Exercise: Go for a 30 minute brisk walk on a treadmill or around the neighborhood. This is a great exercise to create positive thinking.
If you follow and implement these 7 life changing ways of life daily, they will bring you the success and happiness you desire. They will take you from underneath that dark cloud of negativity and bring you out into the sunshine of a positive lifestyle. Use the GOYA-cises to improve your productivity and see the positive things like peace and happiness that will come into your life.

"Remember that it is up to you to choose everyday to Get off Your Attitude and to create a positive lifestyle for yourself and others." Ryan C. Lowe - Positive Attitude Coach

Why Being Physically Active & Fitness Important  back to top
Would you like to:

Decrease your risk of disease?
Feel better physically and mentally?
Look better?
Help avoid injuries?
Keep doing activities you enjoy throughout your life?

Regular physical activity will help you do these things. Physical activity is essential to prevent and reduce risks of many diseases and improve physical and mental health. It can even help you live longer-research from the American Journal of Preventative Medicine indicates that regular exercise can add up to five years to your life.

Physical activity also keeps you in shape so you can enjoy leisure activities and safely perform work and home chores. It offers great mental and social benefits as well. The Lancet released a series of studies that attribute positive outcomes to physical activity, including "a sense of purpose and value, a better quality of life, improved sleep, and reduced stress, as well as stronger relationships and social connectedness."

On the other hand, lack of physical activity is associated with increased risks of:

Anxiety, stress, and feelings of depression
Developing many preventable conditions, such as high blood pressure, coronary heart diseases, diabetes, osteoporosis, colon cancer, and obesity
Dying prematurely

The authors of the Lancet studies even suggest that the sedentary lifestyle so common in our culture is more deadly than smoking. They also believe that 6-10% of the world's non-communicable diseases (such as heart disease, diabetes, and certain kinds of cancer) are caused by physical inactivity.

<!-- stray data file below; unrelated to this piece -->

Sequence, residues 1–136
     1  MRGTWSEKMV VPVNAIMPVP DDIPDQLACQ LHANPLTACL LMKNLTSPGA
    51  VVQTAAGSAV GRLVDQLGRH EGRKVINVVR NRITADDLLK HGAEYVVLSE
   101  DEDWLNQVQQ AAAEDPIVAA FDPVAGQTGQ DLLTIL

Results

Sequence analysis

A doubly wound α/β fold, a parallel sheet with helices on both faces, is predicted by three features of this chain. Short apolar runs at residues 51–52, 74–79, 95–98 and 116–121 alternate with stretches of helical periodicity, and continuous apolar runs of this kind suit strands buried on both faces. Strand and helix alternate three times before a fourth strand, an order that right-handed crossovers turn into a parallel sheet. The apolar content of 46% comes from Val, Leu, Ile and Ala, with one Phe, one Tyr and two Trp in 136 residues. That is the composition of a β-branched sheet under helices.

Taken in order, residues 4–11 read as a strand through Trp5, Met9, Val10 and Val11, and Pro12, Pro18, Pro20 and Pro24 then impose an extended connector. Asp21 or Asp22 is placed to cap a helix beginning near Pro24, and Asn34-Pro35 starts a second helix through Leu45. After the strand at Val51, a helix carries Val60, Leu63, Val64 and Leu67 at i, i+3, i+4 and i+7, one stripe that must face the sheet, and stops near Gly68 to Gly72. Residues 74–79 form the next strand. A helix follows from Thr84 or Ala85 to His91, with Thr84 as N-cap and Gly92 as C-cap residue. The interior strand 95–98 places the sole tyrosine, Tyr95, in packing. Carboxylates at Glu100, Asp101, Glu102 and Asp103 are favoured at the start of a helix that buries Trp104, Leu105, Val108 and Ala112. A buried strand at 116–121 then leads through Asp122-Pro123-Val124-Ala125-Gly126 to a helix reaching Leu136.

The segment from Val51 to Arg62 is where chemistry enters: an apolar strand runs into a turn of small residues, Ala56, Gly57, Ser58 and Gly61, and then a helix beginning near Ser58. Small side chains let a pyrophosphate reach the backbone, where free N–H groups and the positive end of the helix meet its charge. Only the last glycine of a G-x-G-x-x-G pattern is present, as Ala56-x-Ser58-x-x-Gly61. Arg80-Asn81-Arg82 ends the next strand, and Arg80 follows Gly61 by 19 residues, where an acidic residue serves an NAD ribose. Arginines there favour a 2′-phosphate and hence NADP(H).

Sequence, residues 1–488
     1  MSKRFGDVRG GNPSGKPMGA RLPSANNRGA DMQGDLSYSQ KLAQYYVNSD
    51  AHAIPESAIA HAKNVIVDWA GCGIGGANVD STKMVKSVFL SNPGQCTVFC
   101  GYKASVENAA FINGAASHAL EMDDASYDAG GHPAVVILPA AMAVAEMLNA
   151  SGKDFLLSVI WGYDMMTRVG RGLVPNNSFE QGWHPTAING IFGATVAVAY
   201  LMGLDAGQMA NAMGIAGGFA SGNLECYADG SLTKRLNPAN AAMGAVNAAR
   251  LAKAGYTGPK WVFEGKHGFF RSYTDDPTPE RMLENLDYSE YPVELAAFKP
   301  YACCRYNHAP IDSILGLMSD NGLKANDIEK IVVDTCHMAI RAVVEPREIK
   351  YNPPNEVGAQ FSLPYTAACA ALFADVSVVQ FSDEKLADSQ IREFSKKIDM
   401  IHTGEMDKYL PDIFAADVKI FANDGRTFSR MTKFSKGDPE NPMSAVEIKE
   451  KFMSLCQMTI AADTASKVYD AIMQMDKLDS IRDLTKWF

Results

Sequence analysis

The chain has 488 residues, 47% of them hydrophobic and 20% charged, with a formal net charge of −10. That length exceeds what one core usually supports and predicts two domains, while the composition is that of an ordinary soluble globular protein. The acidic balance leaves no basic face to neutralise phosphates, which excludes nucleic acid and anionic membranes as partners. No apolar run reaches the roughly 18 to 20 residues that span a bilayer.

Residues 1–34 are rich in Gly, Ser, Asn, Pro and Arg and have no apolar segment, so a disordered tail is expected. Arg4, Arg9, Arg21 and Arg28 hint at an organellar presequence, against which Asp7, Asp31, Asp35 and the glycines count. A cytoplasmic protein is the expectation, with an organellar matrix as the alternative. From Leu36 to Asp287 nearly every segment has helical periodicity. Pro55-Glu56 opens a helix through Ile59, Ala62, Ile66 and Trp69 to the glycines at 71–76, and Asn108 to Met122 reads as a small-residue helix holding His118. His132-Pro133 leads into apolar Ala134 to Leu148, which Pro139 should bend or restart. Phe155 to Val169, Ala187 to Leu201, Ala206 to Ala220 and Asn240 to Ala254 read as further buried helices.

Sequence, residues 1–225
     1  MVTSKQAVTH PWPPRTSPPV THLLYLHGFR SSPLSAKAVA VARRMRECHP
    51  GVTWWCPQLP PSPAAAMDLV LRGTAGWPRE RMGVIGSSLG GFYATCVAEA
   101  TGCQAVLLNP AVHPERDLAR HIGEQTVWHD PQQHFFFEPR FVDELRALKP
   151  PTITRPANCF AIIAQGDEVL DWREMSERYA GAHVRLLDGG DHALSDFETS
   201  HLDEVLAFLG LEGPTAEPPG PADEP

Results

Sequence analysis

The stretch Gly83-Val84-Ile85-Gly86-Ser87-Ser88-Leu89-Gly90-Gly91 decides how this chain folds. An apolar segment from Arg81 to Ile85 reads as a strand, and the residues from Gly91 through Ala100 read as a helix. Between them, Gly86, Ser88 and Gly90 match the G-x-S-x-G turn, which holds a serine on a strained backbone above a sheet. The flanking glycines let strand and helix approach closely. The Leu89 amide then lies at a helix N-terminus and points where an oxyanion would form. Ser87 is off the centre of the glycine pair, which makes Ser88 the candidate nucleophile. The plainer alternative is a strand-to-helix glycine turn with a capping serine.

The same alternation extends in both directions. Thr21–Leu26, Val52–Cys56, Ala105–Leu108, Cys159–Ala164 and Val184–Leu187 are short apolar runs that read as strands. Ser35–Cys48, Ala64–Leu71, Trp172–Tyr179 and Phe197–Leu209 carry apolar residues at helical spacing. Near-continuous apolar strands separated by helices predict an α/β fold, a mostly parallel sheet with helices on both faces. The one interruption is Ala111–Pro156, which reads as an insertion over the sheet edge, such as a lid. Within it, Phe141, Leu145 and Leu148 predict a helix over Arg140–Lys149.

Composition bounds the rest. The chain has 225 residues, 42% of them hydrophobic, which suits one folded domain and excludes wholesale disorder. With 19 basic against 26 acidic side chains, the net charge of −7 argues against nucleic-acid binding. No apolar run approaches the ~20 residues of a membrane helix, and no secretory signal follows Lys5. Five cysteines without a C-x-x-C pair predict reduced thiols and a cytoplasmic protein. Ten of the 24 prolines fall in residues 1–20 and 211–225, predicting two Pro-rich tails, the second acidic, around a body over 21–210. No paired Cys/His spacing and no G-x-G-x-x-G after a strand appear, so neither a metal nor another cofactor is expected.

12 important reasons to be physically active:

1. Be healthier

2. Increase your chances of living longer

3. Feel better about yourself

4. Reduce the chance of becoming depressed

5. Sleep better at night

6. Look good

7. Be in shape

8. Get around better

9. Have stronger muscles and bones

10. Achieve or maintain a healthy weight

11. Be with friends or meet new people

12. Have fun

Physical activity reduces risk for eight conditions

According to the Centers for Disease Control, exercise can reduce your risk of:

Heart disease
Stroke
High blood pressure
Type 2 diabetes
Obesity
Depression
Breast and colon cancer
Osteoporosis

The importance of health, fitness, and wellness  back to top
Primary Components of Fitness

The four primary components (also known as the components of health related fitness) that are important to improved physical health are as follows:

• Cardiorespiratory capacity is the ability of the body to take in oxygen (respiration), deliver it to the cells (circulation), and use it at the cellular level to create energy (bioenergetics) for physical work (activity). In fitness, we also refer to cardiorespiratory capacity as aerobic capacity. This capacity includes aerobic endurance (how long), aerobic strength (how hard), and aerobic power (how fast). Some of the long-term adaptations of cardiorespiratory training are: decreased resting heart rate, decreased risk of cardiovascular disease, improved endurance, increased stroke volume and cardiac output.

• Muscular capacity refers to the spectrum of muscular capability. This includes muscular endurance (i.e., the ability to apply force over a long period of time or to complete repeated muscle contractions); muscular strength (i.e., the ability to generate force, or the maximum amount of force that a muscle can exert in a single contraction); and muscular power (i.e., the ability to generate strength in an explosive way). Some of the long-term adaptations of improving muscular capacity are increased strength, improved muscular endurance, increased basal metabolic rate, improved joint strength, and overall posture.

• Flexibility is the range of movement or amount of motion that a joint is capable of performing. Each joint has a different amount of flexibility. Some of the long-term adaptations of improved flexibility are decreased risk of injury, improved range of motion, improved bodily movements, and improved posture.

• Body composition is the proportion of fat-free mass (muscle, bone, blood, organs, and fluids) to fat mass (adipose tissue deposited under the skin and around organs). Some of the long-term adaptations of improving body composition are decreased risk of cardiovascular disease, improved basal metabolic rate, improved bodily function, and improved BMI.

Secondary Components of Fitness

The secondary components of fitness (also known as the components of performance based fitness) are involved in all physical activity and are necessary for daily functioning. Athletes experience different levels of success depending on how well these secondary fitness components are developed. Although the primary components of fitness are thought to be the most important, we should not ignore the secondary components because of their importance in the completion of daily tasks. The secondary components include the following.